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The Vatican Grottoes

Written and read by Pietro Zander

The Vatican Grottoes are located on the lower level of Saint Peter’s Basilica, and consist of a system of vaults built between 1590 and 1591 to support the floor of the Renaissance building. Their origin, however, is more ancient and dates back to a design variation presented to Pope Leo X by the architect Antonio da Sangallo the Younger, after the death of Raphael in 1520.

In 1592, Clement VIII Aldobrandini carried out major expansion and restoration works, renovating the medieval crypt, to which he gave the name “Clementine”, where the seventeenth century altar is located, near the tomb of Peter (“ad caput Sancti Petri”).

Between 1616 and 1617, Pope Paul V had two straight corridors built, leading to the Confessio of Saint Peter, and added to the grottoes the Chapel of the Salvatorello, the Chapel of the Madonna of Bocciata, and the Chapel of the Madonna of the “Partorienti” (child-bearing women), which, together with the peribolos around the Confessio, he had frescoed by the painter Giovan Battista Ricci da Novara with hagiographic paintings of the miraculous events at the Petrine tomb, and with illustrations of monuments of the ancient basilica.

At the beginning of the seventeenth century, while the last vestiges of the old basilica were demolished to enable the completion of the new Saint Peter’s, the Vatican Grottoes became a place of memorial, a sort of ante litteram “museum”; where statues, mosaics, paintings and inscriptions were displayed as relics of the venerated and lost church. Here we find the last images – internal and external views, alternated with reproductions of the individual monuments – of the ancient basilica that would not be seen again.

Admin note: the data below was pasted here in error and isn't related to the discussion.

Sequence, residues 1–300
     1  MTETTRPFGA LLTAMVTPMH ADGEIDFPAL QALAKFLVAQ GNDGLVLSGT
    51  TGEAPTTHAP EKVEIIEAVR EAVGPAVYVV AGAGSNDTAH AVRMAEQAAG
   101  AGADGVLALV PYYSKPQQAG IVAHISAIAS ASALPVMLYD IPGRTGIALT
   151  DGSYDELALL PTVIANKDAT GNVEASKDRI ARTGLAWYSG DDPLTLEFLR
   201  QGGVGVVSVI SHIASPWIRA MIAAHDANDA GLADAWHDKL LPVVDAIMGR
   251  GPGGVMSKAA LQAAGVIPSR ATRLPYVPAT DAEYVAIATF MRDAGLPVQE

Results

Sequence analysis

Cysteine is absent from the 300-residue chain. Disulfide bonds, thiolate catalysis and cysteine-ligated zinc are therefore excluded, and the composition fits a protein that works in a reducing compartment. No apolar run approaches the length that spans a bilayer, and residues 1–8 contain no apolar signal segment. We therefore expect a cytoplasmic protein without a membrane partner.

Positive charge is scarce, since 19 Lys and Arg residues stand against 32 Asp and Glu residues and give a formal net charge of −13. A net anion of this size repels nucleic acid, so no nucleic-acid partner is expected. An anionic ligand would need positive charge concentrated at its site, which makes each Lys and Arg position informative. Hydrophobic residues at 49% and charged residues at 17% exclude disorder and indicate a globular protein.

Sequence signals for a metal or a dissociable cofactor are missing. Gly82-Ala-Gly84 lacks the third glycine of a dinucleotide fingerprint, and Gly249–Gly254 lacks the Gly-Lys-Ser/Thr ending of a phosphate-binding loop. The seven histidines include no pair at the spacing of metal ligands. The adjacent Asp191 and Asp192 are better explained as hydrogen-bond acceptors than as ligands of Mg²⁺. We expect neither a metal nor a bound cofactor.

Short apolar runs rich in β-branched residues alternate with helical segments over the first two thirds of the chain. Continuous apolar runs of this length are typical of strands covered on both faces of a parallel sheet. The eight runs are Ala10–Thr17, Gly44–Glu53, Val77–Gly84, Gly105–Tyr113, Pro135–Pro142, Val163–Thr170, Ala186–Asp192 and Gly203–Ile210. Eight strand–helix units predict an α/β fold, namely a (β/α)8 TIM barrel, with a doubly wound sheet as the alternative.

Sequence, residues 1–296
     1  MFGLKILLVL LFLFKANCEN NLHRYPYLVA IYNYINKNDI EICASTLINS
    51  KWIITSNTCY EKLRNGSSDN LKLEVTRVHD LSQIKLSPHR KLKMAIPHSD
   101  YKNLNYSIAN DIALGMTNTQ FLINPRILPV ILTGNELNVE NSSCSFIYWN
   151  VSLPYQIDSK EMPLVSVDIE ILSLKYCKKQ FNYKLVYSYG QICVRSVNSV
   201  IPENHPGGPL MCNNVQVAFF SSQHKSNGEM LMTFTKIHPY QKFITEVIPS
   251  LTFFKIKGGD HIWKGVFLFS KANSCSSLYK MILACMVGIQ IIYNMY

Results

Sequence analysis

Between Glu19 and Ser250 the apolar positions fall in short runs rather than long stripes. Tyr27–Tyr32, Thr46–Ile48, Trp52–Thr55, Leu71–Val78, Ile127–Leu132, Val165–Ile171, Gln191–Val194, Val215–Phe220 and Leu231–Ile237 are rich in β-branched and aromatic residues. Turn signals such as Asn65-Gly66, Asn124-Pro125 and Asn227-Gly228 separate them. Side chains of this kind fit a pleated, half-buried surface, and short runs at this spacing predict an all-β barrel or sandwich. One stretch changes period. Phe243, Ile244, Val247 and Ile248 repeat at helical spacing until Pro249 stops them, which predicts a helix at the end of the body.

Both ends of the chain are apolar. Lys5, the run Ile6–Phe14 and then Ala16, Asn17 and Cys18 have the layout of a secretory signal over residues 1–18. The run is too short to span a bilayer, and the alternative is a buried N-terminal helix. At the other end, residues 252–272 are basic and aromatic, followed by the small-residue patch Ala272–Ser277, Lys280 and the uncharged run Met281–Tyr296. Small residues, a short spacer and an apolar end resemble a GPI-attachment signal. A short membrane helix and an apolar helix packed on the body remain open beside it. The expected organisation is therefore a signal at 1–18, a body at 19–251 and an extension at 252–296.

Later, with Pope Urban VIII (1623-1644), four small oratories – Saint Veronica, Saint Helen, Saint Longino and Saint Andrew – were created at the base of the large pillars supporting the dome, linked to the basilica by as many spiral staircases. The four new chapels with their accesses to the Vatican Grottoes, were designed and created by Gian Lorenzo Bernini and then decorated by a team of accomplished painters: Agostino Ciampelli, Guidobaldi Abbatini and others.

After the mid-twentieth century, further spaces of devotion were added around the tomb of Saint Peter, with the building and extension of the Irish (1954), Polish (1958 and 1982), Lithuanian (1970), Patron Saints of Europe (1981), and Mexican (1992) chapels, and the oratory with the tomb of Pius XII (1958), the pope who had promoted the difficult archaeological explorations that led to the discover of the tomb of Saint Peter and the Vatican Necropolis. Two connections from the grottoes to the outside of the basilica were also created: to the south on Largo Braschi, and to the north on Largo San Gregorio l’Illuminatore.

In 1979, a large archway was opened in the central part of the grottoes, in order to make visible the front of the Confessio with the Niche of the Pallia, the place closest to the tomb of Saint Peter. A series of chapels dedicated to Our Lady were arranged like a crown around the tomb of the Apostle. The central space of the grottoes, where the tombs of the popes, successors of Peter, thus became a sort of lower basilica with three naves.

© Fabric of Saint Peter